On the final limp to the flagpole and lunch break at the 16 mile mark, I finally found Shorakkopoch Roch (full name & details). The whole story is little more than a fanciful myth, but it’s a fun market to NYC’s history. While I broke for lunch-and to change to my flip flops-I gave some thought about how far I really wanted to go. Now that I knew I wasn’t going to finish, I wasn’t concerned about pace.
the John T. Brush Stairs up to Coogan’s Bluff
I won’t lie-as I left Inwood HILL Park at Isham the A train at 207th was tempting. But I’d made the decision to go as far as 155th for three reasons:
that’s the end of the Greenway. So much of the rest (save for 116-59th which I’ve done more time than I can count) is city streets and I’m no more interested in that then I was in 2013.
It was a commitment. Once I was on the Greenway (aka the Speedway) I was going to 155th as there was no out.
I wanted to see what changed on that section as well as with the HighBridge‘s continued construction
I had forgotten about the biggest upside – cherry trees! – which made the northern stretch of the Speedway gorgeous. Their soft soil a nice treat under my super sore feet. As I moved toward the southern end, I thought about something else that would be near 155th. The restored Polo Grounds Stairs had reopened in 2014 after years of talk and being “a mystery” as recently as 2010.
While walking along a portion of the Greenway that paralleled the “Harlem River Driveway” and trying to figure out whether Coogan’s Bluff was truly accessible, I turned to the right and there they were! I just had to figure out how to get there with a cement barrier in my way. This portion of the Greenway was either new since 2013 or a portion that I never found since it carried me above the street level of the Polo Grounds Houses.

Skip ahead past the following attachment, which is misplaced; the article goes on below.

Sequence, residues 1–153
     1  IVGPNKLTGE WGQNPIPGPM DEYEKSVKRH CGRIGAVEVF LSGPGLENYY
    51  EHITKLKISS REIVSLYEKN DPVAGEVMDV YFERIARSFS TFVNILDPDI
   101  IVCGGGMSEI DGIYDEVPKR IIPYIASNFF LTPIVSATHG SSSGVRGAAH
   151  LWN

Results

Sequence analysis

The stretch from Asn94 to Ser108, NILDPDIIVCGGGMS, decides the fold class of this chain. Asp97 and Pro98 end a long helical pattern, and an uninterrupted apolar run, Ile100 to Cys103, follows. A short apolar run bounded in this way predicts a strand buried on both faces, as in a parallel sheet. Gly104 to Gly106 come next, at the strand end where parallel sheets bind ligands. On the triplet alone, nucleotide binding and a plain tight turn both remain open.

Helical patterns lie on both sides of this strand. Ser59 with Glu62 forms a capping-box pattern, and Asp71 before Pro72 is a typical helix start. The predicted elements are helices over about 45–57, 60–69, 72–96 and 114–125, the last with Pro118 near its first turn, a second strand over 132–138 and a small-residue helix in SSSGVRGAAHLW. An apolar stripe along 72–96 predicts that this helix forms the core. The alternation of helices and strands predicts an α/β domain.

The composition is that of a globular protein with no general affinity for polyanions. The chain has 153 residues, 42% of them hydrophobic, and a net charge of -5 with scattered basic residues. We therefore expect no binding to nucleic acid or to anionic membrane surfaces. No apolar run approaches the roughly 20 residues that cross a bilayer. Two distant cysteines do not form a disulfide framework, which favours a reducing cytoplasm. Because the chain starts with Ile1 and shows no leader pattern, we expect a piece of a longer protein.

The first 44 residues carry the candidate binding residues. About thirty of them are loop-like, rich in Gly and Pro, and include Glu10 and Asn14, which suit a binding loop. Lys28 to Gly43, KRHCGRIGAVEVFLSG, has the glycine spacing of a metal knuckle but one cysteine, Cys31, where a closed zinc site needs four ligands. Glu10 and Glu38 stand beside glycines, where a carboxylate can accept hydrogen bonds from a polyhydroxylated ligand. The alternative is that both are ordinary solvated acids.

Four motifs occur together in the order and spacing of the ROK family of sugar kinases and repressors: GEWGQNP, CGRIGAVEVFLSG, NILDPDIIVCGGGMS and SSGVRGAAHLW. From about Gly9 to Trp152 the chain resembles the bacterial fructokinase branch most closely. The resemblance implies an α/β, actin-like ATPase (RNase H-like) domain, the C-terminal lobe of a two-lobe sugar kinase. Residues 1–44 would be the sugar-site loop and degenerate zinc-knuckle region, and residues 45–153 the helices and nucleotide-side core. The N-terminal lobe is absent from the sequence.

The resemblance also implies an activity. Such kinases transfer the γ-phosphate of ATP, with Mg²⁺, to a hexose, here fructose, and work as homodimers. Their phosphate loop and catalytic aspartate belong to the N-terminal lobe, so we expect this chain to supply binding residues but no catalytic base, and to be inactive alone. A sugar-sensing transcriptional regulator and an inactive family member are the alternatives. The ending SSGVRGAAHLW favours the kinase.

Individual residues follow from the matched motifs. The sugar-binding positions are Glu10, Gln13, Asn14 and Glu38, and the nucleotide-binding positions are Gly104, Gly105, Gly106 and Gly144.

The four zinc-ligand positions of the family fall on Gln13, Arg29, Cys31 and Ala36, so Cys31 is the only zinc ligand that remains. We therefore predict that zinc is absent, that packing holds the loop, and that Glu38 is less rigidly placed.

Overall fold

I walked down to 155th and doubled back – only sports history could make me do this at this point – up Edgecombe and Coogan’s Bluff came into sight. Climbing up on the exposed rock was beyond me at this point but I sat at the top of the stairs before gingerly making my way down where i rested on a picnic bench and communed with the ghosts.
“This is the last piece of real evidence that the Polo Grounds existed, other than the plaque that indicates where the approximate location of home plate was,” said Gary Mintz, president of the New York Giants Preservation Society. … “This is historic ground and should be preserved and treasured any way possible. The Giants’ history in New York was tremendous and judging by the legions of fans today, the New York Giants and San Francisco Giants haven’t been forgotten in New York.” ~ Gary Mintz
It was the perfect place for my saunter to end – and end it did when I boarded the M2 Bus and headed south. I have no regrets. I stopped enjoying the walk somewhere between miles 14 and 16 and there is no shame in walking 18+. It’s always the west side that I’ve found prettiest and the city streets of the east side – which I know well – don’t appeal to me in the same way as the Greenway does. Maybe I’ll finish when they finish the Greenway.
the John T. Brush Stairs from Coogan’s Bluff